Gift of Lithographic Plans Reveals
Olmsted’s Landscaping Genius


By Gary Schmidgall

If there is one subject on which all New Yorkers—especially Manhattanites—agree, it is in expressing gratitude for the existence of Central Park. Perhaps none said it better or more succinctly than Henry James, when he wrote in The American Scene that “to pass, in New York, from the discipline of the streets to this so different many-smiling presence is to be thrilled at every turn.”

Only a handful of the grateful millions who enjoy the park every year know the name of the man who was the original driving force behind the project: Andrew Jackson Downing (death in a riverboat accident in 1852 cut short his involvement in its early stages). But many more are aware that Central Park was primarily the creation of Frederick Law Olmsted and Calvert Vaux. The Connecticut Yankee Olmsted (1822- 1903) and Londoner Vaux (1824-1895) submitted the winning plan in a design competition in 1858, and they worked together on the park for the next two decades.

Curator Hanque Macari
But Olmsted was clearly the Batman of this dynamic landscaping duo. He and Vaux worked as Architect-in-Chief and Consulting Architect for the Park Commission, and Olmsted went on to become the acknowledged founder of American landscape architecture, as well as its most prolific and distinguished 19th-century exponent.

Now, amid intense concern that designers of buildings and landscapes “get it right” at the World Trade Center site, CUNY’s School of Architecture, Urban Design and Landscape Architecture at City College has honored Olmsted—who got it brilliantly right in such metropolitan public spaces as Central Park, Prospect Park, Riverside Drive Park and Washington Park (Fort Greene)—with a recent exhibition titled “Sheep Grazing in the Meadow: The Olmstedian Landscape.”

The exhibition coincides with the sesquicentennial of State legislation that established Central Park, and it is fittingly on view in the Architecture School’s exhibition gallery in architecturally landmarked Shepard Hall. But the real purpose of the installation, its curator and Professor of Architecture Hanque Macari explains, is to display the 50 original lithographic plans that were donated to the School last year by the Frederick Law Olmsted Association.

The collection came to the City College through the good offices of President William Alex, for 30 years the driving force behind the Association, and Architecture School Dean George Ranalli, after earlier discussions initiated by Professor Lee Weintraub, director of the Urban Landscape Architecture
program.

CCNY School of Architecture Gallery
The story behind the donation begins more than 30 years ago, when Alex first became interested in Olmsted’s work. He soon recognized that one of the “most famous Americans of the Victorian era” (he was even touted as a possible Vice Presiden-tial candidate) had “simply slid into almost total obscurity.” In short order Alex became active on the Olmsted Sesquicentennial Committee, which orchestrated a wide variety of celebrations of the great landscape architect’s work in 1972. Alex was largely responsible for the coup of simultaneous Olmsted exhibitions at the Whitney and the National Gallery in Washington.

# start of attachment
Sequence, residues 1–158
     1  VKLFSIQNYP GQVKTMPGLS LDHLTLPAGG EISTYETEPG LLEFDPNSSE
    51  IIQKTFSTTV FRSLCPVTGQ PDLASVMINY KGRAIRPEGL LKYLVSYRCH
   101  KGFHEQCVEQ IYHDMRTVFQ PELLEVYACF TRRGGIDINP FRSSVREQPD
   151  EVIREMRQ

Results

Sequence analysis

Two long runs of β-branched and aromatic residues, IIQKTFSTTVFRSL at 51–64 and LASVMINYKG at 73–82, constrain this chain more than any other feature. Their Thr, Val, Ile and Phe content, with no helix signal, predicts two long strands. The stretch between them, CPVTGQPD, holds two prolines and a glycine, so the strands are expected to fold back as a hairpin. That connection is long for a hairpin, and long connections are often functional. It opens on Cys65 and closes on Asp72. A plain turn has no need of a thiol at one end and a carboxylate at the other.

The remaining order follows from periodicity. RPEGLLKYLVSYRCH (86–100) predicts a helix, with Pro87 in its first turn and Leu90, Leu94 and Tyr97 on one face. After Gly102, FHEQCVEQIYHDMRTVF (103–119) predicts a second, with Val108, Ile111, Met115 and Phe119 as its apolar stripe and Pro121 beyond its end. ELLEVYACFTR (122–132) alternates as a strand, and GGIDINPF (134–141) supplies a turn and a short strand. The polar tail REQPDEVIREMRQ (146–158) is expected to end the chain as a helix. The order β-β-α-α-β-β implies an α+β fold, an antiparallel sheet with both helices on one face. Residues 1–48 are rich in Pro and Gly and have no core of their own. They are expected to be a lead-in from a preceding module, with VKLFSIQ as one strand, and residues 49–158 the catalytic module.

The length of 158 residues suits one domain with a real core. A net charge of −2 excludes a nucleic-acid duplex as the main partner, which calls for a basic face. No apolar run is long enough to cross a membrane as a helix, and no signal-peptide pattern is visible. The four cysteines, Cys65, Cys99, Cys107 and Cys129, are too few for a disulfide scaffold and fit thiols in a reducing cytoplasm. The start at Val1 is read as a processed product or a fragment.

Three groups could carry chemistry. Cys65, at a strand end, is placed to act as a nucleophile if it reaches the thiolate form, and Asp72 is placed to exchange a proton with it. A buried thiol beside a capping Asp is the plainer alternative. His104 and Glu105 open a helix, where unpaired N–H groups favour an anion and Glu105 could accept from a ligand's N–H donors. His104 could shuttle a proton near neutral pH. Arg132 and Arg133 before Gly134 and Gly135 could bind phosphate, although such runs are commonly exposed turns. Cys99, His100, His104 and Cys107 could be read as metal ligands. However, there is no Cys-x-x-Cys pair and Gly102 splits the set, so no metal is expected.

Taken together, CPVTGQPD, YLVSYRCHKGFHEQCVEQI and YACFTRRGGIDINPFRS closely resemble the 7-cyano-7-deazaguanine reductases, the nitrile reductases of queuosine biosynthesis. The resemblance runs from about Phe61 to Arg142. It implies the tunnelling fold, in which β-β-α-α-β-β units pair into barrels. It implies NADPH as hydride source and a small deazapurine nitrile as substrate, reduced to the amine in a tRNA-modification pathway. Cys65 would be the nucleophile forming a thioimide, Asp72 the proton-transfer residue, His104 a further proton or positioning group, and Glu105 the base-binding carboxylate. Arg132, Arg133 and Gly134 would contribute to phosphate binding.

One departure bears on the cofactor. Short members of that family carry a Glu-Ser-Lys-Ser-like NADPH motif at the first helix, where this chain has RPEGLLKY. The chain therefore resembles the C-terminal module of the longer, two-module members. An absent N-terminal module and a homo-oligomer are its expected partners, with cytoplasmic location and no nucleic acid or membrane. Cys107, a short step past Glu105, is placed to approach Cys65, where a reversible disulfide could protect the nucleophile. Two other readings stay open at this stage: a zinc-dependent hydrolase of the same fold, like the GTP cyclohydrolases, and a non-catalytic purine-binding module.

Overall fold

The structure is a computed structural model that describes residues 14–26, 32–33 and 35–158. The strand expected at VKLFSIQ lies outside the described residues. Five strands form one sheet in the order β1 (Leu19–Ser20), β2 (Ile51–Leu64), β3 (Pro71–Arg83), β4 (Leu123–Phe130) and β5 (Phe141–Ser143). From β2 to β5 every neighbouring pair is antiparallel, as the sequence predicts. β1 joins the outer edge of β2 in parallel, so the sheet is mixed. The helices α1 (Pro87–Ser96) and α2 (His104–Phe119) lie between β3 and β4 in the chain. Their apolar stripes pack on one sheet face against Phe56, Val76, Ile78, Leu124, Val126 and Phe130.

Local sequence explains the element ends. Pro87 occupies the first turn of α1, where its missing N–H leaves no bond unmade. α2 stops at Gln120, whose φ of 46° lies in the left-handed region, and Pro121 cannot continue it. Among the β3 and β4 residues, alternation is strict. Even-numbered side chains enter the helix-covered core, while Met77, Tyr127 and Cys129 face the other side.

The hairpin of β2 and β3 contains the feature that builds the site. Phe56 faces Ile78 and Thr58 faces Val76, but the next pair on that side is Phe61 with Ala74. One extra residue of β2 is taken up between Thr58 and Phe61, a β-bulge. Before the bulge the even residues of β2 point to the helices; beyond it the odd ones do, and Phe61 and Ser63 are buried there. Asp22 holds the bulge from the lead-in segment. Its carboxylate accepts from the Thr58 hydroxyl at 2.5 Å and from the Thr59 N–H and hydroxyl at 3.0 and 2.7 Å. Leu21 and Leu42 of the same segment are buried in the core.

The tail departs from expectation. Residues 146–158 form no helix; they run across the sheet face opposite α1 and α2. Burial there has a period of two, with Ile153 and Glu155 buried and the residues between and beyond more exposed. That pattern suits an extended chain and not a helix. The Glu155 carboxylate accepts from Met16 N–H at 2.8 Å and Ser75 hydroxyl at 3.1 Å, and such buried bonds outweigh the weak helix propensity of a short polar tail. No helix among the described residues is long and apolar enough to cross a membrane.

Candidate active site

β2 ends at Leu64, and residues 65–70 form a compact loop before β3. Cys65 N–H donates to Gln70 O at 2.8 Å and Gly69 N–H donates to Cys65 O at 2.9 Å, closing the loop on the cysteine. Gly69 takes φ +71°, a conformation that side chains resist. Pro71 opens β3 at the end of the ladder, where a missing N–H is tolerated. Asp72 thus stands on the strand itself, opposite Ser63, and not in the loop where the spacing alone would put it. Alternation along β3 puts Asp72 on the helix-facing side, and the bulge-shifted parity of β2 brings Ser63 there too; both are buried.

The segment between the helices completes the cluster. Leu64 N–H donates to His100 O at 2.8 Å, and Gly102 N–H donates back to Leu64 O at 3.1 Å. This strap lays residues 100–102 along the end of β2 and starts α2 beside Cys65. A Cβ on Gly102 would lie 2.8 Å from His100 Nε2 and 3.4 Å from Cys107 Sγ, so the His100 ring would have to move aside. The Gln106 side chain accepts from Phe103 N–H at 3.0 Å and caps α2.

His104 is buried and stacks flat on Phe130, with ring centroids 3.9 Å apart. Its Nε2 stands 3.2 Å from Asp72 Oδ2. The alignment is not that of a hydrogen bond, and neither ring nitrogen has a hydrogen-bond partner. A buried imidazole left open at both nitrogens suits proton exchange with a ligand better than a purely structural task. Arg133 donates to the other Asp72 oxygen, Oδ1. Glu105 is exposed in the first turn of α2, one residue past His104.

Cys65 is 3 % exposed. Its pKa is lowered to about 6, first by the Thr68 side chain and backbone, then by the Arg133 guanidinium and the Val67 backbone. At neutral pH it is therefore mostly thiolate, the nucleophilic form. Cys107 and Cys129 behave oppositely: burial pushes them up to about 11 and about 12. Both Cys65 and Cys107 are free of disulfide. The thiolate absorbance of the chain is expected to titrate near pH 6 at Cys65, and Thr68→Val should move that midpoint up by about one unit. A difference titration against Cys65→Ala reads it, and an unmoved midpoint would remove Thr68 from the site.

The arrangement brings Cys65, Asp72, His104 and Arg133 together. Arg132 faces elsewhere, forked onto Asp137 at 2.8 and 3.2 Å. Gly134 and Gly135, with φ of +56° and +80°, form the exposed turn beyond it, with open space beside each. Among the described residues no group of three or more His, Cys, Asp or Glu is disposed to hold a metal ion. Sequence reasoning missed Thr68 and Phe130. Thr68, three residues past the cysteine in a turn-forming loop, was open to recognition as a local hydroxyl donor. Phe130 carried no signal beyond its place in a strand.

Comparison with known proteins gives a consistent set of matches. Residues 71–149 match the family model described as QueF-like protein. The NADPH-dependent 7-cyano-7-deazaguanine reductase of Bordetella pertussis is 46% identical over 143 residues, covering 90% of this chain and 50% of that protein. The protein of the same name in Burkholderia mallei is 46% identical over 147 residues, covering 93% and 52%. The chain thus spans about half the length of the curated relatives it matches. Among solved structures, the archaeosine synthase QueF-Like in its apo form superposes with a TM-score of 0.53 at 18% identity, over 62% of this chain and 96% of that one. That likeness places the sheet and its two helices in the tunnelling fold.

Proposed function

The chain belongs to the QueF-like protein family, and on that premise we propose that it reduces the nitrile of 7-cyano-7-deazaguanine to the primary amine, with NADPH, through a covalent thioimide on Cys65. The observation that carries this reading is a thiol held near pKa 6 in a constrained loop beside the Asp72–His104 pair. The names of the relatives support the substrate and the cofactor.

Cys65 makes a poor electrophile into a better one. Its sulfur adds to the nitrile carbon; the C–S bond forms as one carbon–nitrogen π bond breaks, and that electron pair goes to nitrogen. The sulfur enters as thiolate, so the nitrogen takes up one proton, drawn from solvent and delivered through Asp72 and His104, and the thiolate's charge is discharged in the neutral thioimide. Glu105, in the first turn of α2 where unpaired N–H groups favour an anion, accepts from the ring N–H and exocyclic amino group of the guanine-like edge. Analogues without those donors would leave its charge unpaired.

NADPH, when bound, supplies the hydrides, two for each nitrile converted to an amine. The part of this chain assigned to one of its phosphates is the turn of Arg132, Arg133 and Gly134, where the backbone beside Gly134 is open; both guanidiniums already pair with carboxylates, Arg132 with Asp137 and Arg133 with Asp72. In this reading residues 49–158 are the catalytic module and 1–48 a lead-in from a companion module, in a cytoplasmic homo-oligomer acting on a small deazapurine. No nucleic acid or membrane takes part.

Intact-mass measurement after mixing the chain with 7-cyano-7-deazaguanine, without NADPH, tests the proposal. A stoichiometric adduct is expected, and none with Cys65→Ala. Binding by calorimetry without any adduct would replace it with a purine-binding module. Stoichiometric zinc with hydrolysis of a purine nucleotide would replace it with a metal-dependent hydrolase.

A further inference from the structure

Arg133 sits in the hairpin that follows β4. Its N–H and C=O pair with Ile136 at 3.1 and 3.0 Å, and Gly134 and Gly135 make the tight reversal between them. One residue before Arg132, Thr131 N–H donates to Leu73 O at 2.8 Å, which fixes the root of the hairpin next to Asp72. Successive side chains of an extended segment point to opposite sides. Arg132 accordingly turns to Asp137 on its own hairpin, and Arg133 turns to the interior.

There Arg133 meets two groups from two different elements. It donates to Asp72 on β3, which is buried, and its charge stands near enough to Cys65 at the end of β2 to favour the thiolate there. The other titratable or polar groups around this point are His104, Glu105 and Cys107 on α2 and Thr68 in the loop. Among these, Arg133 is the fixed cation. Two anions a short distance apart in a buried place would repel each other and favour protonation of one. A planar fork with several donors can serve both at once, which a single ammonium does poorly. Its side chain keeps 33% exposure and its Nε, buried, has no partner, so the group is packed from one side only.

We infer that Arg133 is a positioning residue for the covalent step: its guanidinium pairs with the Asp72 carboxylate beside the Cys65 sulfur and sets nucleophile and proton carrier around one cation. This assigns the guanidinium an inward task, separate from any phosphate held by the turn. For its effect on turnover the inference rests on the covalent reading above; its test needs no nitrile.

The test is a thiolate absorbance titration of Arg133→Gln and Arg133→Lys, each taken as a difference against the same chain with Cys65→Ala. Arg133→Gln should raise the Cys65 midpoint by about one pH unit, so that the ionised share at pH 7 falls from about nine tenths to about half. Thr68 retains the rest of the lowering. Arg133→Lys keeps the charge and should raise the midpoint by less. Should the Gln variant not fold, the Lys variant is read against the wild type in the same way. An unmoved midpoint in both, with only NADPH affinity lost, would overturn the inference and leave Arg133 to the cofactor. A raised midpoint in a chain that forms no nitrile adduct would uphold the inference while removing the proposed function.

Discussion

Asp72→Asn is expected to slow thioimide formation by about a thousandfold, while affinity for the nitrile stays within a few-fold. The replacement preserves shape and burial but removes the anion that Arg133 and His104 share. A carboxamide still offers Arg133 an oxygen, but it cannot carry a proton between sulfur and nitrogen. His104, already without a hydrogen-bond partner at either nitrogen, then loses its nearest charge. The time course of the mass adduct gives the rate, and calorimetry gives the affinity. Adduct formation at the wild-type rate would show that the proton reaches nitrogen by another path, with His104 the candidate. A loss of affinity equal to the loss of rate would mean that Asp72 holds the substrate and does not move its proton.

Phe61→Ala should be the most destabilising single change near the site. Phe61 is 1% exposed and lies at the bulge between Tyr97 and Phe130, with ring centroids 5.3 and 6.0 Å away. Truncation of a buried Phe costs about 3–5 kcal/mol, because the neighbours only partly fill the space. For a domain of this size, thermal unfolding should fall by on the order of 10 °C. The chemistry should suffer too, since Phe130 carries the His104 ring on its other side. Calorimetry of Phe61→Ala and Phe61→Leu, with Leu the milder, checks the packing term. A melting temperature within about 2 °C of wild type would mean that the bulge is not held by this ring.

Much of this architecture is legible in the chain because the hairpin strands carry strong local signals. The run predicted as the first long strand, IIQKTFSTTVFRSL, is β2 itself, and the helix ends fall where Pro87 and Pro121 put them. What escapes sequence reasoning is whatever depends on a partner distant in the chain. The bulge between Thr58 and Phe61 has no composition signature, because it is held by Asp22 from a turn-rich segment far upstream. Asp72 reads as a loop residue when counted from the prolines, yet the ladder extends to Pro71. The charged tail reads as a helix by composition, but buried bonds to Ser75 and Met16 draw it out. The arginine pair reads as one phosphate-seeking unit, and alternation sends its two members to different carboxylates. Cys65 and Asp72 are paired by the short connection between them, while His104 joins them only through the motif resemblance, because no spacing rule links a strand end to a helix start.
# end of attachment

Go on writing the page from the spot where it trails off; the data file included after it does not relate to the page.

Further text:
A thorough revival of Olmsted’s fame and interest in his legacy was successfully commenced.

At the suggestion of Alice Kaplan and the J.M. Kaplan Fund, the Sesquicentennial Committee re-formed itself as the non-profit Olmsted Association in 1972. Since then it has provided assistance in the form of exhibitions, publications and research assistance to the general public, parkland managers, urban planners, scholars and students.

In 1978, the Association also lobbied with success for the Olmsted Associates business site in Brookline, Mass., to be named a U.S. Historical Site in 1979. The firm shut down for good the next year, and the rich Olmsted estate archives are now managed by the National Park Service. A few years ago, Alex assisted the Uffizi Gallery in Florence in mounting an Olmsted show.

During a conversation with Alex—aptly enough in the Upper West Side’s pocket Straus Park, near his home—he explained that, “feeling my age,” in 2001 he began to close the Association and look for an appropriate safe place for the Olmsted treasures left in the Association’s possession from the 1972 shows.

Though Alex, a Columbia University Master’s grad, had previously given a choice collection of Vaux and Olmsted materials to his alma mater, he decided this time to make a call to Prof. Weintraub. Would the CCNY School of Architecture be interested in such a donation? “It didn’t take me long to say ‘Yes!’” Weintraub recalls. “Alex, I believe, recognized the School was an important repository for landscape architecture theory.” He also came to City College, Weintraub believes, because so much of Olmsted’s pioneering early work was accomplished in New York City.

Soon Alex was writing to Dean Ranalli, expressing his confidence that “this unique collection of Olmsted lithographs will find not only a proper home but a felicitous study environment at City College.”